Hawaii’s law protects the small, select group of current renewable energy devices including wind, solar and bioenergy. As time passes, newer renewable technologies move from their development phase to their commercial stage. Unfortunately, our state’s statutory provisions don’t protect open, feasible economic paths for these new devices.
Wave energy, produced by Wave Energy Converters (WEC), top the list of devices needing updated statutory recognition and assistance. Our own Kaneohe Bay houses the Navy’s Wave Energy Testing Site, where cutting-edge experiments use ocean waves to generate electricity. Multiple prototypes that originate from around the world and that capture mechanical energy from waves are continuously tested and tweaked here.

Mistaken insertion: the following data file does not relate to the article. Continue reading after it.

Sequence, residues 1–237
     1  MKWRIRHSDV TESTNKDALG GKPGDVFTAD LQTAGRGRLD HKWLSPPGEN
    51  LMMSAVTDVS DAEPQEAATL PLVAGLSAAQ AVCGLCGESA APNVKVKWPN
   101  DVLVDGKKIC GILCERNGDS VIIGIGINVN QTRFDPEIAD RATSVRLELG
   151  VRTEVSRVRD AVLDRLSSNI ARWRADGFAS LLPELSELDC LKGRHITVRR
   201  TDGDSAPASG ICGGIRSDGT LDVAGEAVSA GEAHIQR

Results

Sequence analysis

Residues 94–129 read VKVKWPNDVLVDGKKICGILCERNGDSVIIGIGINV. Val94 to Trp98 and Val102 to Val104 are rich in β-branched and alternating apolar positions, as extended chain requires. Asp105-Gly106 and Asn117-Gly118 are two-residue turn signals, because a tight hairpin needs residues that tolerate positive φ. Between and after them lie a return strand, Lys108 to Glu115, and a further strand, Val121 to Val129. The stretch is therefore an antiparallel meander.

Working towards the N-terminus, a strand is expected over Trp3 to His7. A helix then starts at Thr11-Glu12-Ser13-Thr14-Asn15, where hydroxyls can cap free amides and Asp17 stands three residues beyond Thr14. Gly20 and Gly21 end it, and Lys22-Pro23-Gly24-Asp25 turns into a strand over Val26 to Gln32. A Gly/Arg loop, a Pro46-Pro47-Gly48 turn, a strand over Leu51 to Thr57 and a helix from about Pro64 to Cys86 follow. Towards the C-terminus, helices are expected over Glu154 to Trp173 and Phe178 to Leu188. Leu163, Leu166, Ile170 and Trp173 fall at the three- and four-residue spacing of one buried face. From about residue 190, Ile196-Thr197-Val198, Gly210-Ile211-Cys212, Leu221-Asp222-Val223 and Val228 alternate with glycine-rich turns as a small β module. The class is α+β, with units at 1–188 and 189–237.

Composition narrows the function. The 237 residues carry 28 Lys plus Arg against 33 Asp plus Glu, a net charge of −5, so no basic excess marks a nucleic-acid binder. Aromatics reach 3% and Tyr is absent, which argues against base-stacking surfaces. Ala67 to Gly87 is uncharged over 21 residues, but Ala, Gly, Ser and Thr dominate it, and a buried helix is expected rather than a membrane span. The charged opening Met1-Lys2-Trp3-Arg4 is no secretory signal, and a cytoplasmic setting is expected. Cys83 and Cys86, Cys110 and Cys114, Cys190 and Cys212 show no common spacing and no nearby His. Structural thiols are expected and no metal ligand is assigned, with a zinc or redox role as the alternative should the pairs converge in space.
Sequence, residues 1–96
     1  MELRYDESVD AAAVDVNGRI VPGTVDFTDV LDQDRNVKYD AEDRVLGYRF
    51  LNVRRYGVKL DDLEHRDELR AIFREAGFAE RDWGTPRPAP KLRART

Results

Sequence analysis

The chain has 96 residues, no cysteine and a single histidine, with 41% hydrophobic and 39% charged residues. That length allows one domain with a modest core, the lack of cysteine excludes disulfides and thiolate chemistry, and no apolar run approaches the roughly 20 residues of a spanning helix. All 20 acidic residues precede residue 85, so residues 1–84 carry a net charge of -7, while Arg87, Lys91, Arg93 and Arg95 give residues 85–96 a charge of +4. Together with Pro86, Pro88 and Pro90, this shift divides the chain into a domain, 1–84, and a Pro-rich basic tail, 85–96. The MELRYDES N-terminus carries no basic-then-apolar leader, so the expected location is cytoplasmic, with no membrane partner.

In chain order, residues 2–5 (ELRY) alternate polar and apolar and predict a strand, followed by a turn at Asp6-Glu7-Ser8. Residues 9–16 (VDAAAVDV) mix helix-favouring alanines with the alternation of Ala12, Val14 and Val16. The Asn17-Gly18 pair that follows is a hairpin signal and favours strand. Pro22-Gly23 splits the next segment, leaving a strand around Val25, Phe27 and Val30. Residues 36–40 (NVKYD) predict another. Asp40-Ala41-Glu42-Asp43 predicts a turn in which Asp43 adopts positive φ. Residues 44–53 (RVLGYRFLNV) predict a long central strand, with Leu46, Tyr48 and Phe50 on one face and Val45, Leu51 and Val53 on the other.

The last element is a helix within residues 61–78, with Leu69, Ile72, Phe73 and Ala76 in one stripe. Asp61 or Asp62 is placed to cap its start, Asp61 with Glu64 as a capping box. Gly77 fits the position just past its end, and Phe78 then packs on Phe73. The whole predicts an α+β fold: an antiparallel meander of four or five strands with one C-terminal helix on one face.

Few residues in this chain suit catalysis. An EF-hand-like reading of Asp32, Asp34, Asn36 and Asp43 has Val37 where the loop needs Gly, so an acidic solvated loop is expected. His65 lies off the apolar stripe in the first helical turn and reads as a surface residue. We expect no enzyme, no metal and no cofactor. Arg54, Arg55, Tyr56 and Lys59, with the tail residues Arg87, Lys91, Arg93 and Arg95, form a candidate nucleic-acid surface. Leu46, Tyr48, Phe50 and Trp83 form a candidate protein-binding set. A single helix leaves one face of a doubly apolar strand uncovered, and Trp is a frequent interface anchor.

As these advancements occur in our own backyard, Hawaii’s residents continue paying the highest electricity rates in the U.S. Therefore, we have the greatest incentive to produce and protect clean, renewable and constant power in the islands, starting with protecting the major advancements happening near our shorelines.
As these high-tech advances continue, there is a commercial gap between the single WEC, showing great promise, and the multiple units needed to achieve cost effectiveness. This is where the Public Utilities Commission and Hawaiian Electric need to structure a financial way for WEC companies to bridge from single unit to multiple devices. In doing so, Hawaii will reach its renewable energy goals quicker and with more certainty.